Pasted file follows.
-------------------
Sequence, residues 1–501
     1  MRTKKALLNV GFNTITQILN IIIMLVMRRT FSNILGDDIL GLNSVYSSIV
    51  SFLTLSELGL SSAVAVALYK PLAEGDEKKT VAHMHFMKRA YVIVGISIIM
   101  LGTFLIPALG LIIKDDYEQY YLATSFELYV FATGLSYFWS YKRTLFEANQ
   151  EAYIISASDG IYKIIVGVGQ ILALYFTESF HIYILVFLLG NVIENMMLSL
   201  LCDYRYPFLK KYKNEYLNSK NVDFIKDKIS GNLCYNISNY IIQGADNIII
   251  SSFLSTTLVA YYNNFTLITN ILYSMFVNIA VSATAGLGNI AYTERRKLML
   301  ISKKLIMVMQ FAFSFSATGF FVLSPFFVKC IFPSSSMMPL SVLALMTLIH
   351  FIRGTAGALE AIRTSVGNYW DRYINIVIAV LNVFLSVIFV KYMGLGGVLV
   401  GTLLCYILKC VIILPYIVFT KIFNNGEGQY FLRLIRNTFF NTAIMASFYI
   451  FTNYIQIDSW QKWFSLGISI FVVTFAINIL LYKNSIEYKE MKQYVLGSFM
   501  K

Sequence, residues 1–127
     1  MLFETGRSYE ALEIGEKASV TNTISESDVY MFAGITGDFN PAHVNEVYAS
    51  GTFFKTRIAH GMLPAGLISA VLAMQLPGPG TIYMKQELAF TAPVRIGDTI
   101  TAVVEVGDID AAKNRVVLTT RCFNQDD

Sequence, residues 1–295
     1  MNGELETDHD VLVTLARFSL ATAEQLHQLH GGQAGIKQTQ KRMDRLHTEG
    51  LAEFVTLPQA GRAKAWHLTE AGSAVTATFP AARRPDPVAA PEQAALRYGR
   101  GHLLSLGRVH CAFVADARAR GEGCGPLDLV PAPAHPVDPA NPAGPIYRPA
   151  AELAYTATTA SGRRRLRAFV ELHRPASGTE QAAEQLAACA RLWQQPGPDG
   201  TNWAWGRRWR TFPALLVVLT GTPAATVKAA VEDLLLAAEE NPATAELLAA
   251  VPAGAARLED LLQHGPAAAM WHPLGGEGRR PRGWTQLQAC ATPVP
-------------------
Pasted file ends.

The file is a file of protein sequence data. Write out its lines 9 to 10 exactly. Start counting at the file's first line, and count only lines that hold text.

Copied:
   351  FIRGTAGALE AIRTSVGNYW DRYINIVIAV LNVFLSVIFV KYMGLGGVLV
   401  GTLLCYILKC VIILPYIVFT KIFNNGEGQY FLRLIRNTFF NTAIMASFYI